Our Music Leaders regularly find that participants inspire them as much as they hope to inspire the children and young people. Here we focus on the two way inspiration felt by Charlotte White at Woodlands Meed Special School in West Sussex.
We have been working at Woodlands Meed College for a number of years and it is a special school for children and young people with a wide range of special needs and disabilities.
Music session give young people a chance to enjoy themselves, express themselves and be part of a group. Music sessions are all about the magic moments that happen when children and young people’s creativity is unleashed.
The teachers at Woodlands Meed love having Charlotte at the school and over her time at the school we have been able to build positive relationships with the staff.
‘’It’s working really well with Charlotte and the students are thoroughly enjoying it.’’ Sue Walker, Teacher
Charlotte spent time working across two different groups with the aim of building the young people's music making, social skills, and confidence. The music sessions give children and young people the confidence to engage in music making, and a voice through which to express themselves. Over the course of the project we have seen children and young people who were initially reticent about getting involved in music making become the heart and soul of sessions.
‘’When we sang Nanuma, Keiran* was singing out like his life depended on it It was actually incredible, even though he didn’t sing quite in the right places, especially as last term, I could barely get him to sing at all.’’ Charlotte
‘’We spoke again about pulse and I got them trying to play on the first beat of every bar, which around 75% of them got. When I tried the same thing with the second group, I started off by getting them to clap 4 then 3 etc before moving onto instruments and that worked well. My aim with that is to get them to the point where they’re able to play on different beats of the bar. Seeing them start to get it, and to progress with their musicality is wonderful.’’ Charlotte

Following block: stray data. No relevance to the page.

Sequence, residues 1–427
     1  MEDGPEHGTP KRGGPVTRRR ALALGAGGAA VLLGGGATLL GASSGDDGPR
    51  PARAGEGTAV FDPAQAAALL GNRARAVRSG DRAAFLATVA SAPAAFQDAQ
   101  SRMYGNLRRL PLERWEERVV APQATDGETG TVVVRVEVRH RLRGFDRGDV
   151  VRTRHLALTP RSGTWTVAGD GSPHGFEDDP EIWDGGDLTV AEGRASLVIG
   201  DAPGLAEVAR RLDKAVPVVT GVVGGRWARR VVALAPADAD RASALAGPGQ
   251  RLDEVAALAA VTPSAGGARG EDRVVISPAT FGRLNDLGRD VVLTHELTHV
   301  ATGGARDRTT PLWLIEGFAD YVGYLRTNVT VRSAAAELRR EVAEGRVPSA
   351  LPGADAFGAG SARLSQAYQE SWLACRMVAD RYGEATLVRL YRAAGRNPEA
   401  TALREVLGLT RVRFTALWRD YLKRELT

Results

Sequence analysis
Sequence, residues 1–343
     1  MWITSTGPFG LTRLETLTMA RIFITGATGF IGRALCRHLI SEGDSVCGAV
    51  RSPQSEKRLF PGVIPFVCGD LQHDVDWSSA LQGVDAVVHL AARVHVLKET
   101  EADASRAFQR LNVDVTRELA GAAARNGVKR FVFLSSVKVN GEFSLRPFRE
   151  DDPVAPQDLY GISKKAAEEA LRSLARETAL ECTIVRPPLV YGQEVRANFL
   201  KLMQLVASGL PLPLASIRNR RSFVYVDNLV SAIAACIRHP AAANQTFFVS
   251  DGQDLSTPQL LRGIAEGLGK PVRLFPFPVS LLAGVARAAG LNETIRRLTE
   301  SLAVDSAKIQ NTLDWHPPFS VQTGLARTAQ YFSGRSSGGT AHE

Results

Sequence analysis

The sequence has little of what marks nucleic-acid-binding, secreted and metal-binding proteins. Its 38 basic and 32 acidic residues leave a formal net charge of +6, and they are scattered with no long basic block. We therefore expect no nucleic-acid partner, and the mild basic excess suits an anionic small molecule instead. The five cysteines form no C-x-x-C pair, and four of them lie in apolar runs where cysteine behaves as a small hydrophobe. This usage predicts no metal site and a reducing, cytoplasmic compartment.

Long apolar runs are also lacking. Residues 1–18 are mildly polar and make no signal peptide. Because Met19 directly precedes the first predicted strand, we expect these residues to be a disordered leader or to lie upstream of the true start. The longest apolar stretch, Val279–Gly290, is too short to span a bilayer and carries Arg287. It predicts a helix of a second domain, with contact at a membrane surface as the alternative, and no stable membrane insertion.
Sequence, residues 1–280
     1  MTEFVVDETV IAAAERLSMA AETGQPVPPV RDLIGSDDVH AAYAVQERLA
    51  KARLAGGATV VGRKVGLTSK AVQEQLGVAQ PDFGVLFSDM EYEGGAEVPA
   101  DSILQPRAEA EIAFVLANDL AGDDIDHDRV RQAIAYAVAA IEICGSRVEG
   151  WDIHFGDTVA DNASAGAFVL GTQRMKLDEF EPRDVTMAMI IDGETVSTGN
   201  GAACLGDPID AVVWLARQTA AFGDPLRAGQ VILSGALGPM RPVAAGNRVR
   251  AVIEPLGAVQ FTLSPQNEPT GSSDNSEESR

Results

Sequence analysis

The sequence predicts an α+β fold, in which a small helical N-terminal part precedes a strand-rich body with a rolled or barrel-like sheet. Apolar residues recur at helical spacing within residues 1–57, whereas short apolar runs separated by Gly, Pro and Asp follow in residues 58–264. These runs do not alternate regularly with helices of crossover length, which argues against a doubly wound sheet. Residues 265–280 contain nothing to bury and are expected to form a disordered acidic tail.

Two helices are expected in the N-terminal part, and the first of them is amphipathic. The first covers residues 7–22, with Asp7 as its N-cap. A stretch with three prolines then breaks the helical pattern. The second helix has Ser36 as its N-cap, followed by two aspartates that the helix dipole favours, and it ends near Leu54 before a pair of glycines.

‘’My confidence has grown.’’ Ellie*
Many young people who we work with are non-verbal. Rhythmix sessions can provide a space in which young people feel safe and confident, and are given the opportunity to communicate. Sandra* is a young person with special needs who is mostly nonverbal. She was often quiet during sessions.
‘’Sandra*, who is mostly nonverbal said “Good Morning Charlotte”. It was the most, and the most clearly, I have ever heard her speak.’’ Charlotte
Long term relationships
Sometimes it’s about the changes you see over the time you get to know the young people.
“Then, Steph*, who’d been off having physio at the beginning of the session, WALKED into our room with the physio. I have never seen her out of her wheelchair before and I have to say, it was incredible to see. I nearly cried. She is always so enthusiastic in the group, and never fails to thank me at the end of sessions. When I first met her, she’d get so excited that I sometimes worried she would rock herself out of her chair!” Charlotte
Robbie had been participating in the sessions for a number of years and always brought fun and energy to the group. He has since finished year 11 and is moving on.
‘’Seeing Robbie’s smile after every time he made a noise on the trombone was really wonderful, especially as they were all feeling somewhat sad (it was Robbie’s last day). ’’ Charlotte
All of the sessions built up to a concert at the end of term in which the young people could perform to their peers and teachers.
‘’The concert went really well. The young people were slightly nervous, and it came out slightly rough around the edges, but they did brilliantly, as ever.’’’ Charlotte
‘’I liked conducting.’' Georgina*
Delivering music making sessions in the same school over the long term can give children and young people the opportunity to take control of their own lives, and give them a sense of ownership over the music that they create. It also gives us the opportunity to build positive relationships with staff at the school, developing mutual respect and support between teachers and music leaders.
‘Accessible Music Making’ is a Youth Music Fund B funded programme
It is a West Sussex wide programme of music making in every special school in the county delivered in partnership between West Sussex Music Trust and Rhythmix.